A friend recently sent me a link to a video on the Recycled Orchestra, in which young musicians in Cateura, Paraguay, play instruments made of trash. I found it to be both inspiring and thought-provoking.
This 3½-minute documentary tells of a community of people who live in a slum built on a landfill. When someone there discovered the discarded shell of a violin, a remarkable idea ignited within the neighborhood: to imagine how they might advocate for the children in their community to learn to play musical instruments. In a place where “a violin is worth more than a house,” residents have built cellos made from recycled oil cans, made use of kitchen tools and bent fork tines to hold violin strings, and generated orchestral music where such music had been rare. Landfill Harmonic is an upcoming feature-length documentary about how this happened.
Watching the video, I saw joy and a bright intelligence in the faces of these young people, and felt these qualities resonating through their compelling music. I was also struck by their rhythmic and coordinated movement—synchronous behavior that is the essence of many kinds of group activities. I was seeing the evidence of at least four out of eight kinds of intelligence, from Howard Gardner’s theory of Multiple Intelligences, as interpreted by educator Thomas Armstrong*: Musical, bodily-kinesthetic, spatial, and logical-mathematical (pattern recognition).
In Edu-K, Paul and I describe two kinds of attention, which we detail in our Focus Dimension. Beyond focal attention, we teach learners to access a second kind of lesser-known attention, often referred to as ambient awareness*, or what Armstrong refers to as Spatial Intelligence—an ability to sense one’s environment . This contextual awareness allows a person to feel safe in the room, while the bodily-kinesthetic intelligence keeps them sitting comfortably upright in their chair, able to stay aware of their whole body as they move just one part, such as their eyes for reading or their hand for writing. It is in part this ambient attention that a group of singers, dancers, musicians—even players of active games or sports—must call on in order to stay in sync with one another.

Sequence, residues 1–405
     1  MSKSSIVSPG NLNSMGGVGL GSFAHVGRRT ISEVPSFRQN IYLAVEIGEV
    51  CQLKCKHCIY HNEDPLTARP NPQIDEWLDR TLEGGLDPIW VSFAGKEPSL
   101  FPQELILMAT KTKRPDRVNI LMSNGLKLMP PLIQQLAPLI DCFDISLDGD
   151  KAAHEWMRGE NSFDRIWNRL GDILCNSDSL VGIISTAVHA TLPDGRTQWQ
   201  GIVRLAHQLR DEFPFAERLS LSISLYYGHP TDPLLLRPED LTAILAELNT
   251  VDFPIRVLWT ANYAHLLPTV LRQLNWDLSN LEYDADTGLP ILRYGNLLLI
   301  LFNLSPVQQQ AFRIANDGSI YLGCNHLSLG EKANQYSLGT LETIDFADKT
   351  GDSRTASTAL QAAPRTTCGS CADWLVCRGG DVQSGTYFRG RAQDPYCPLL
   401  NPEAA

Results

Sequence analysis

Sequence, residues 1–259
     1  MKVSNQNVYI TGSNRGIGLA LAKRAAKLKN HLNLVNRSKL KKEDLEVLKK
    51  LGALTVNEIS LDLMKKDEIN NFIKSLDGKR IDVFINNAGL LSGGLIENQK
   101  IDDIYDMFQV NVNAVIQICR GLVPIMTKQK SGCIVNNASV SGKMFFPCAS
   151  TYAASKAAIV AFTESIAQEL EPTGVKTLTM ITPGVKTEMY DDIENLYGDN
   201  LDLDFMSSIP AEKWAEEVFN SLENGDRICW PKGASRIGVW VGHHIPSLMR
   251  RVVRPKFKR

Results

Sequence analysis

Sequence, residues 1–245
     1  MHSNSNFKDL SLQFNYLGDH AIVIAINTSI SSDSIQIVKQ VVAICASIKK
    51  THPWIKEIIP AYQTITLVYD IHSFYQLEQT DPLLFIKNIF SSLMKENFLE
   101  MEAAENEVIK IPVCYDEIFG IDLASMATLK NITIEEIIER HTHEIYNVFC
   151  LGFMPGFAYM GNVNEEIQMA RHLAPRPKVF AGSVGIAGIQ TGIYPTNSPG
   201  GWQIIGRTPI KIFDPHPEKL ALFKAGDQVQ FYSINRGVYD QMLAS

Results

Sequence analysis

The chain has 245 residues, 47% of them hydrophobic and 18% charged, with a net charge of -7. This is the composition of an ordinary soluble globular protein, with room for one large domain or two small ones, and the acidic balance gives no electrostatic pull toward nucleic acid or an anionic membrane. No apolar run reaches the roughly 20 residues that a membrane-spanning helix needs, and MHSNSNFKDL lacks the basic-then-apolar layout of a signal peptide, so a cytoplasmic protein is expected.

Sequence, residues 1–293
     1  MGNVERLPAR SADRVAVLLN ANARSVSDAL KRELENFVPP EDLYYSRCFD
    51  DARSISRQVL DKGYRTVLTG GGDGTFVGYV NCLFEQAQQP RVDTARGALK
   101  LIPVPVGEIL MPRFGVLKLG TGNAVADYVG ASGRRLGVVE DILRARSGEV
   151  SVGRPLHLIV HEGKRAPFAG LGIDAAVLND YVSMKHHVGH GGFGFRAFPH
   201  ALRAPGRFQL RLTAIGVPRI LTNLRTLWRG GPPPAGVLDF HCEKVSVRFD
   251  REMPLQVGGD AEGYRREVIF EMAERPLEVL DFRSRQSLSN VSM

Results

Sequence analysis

I’m familiar with this kind of coordinated rhythmic movement, as it’s noticeable when we do The Cross Crawl or other Brain Gym® or Vision Gym® activities with a group. Doing simple movements together creates an immediate connectedness among people, bringing smiles to faces. There’s something joyful about a synchrony like this.
Does synchrony help with academics? I’ve heard educator Randal McChesney (who teaches coordinated movement in the Education Through Movement program) speak of group singing as being supportive of vocal intonation and the poetic rhythm of prosody needed for fluent reading. And I see evidence all the time of coordinated movement being an important touchstone for the development of language skills.
For more on the hypothesis of the what and where streams, see Ungerleider, L. G., and Haxby, J. V (1994). “What” and “where” in the human brain. Curr. Opin. Neurobiol. 4, 157–165.
Ungerleider, L. G. and Pasternak, T. (2004). Ventral and dorsal cortical processing streams. In “The Visual Neurosciences” (L.M. Chalupa and J.S. Werner, eds.) pp. 541-562. MIT Press, Cambridge, MA.
For more research on interpersonal synchrony and its effects on social bonds, see:
Cirelli, Laura K., Kathleen M. Einarson, and Laurel J. Trainor. 2014. “Interpersonal Synchrony Increases Prosocial Behavior in Infants.” Developmental Science: This study of 14-month olds “. . . support[s] the hypothesis that interpersonal motor synchrony might be one key component of musical engagement that encourages social bonds among group members, and suggest[s] that this motor synchrony to music may promote the very early development of altruistic behavior.”
Shaw DJ, Czekóová K, Chromec J, Mareček R, Brázdil M (2013) Copying You Copying Me: Interpersonal Motor Co-Ordination Influences Automatic Imitation. PLoS ONE 8(12): e84820. doi:10.1371/journal.pone.0084820
Hove MJ, Risen JL (2009) It’s all in the timing: Interpersonal synchrony increases affiliation. Social Cognition 27: 949–960. doi: 10.1521/soco.2009.27.6.949 PubMed/NCBI
*Educator Howard Gardner did pioneering work on the theory of Multiple Intelligences in the early 1980’s. Educator Thomas Armstrong has interpreted this work in several books, including Seven Kinds of Smart: Identifying and Developing Your Multiple Intelligences Plume, 1999, and Neurodiversity in the Classroom: Strength-Based Strategies to Help Students with Special Needs Achieve Success in School and Life, Da Capo Lifelong Books; 2011. Besides the four intelligences named here, Armstrong also names the well-known linguistic intelligence, interpersonal, and intrapersonal (emotional) intelligence,
© 2013 by Gail Dennison. All rights reserved.
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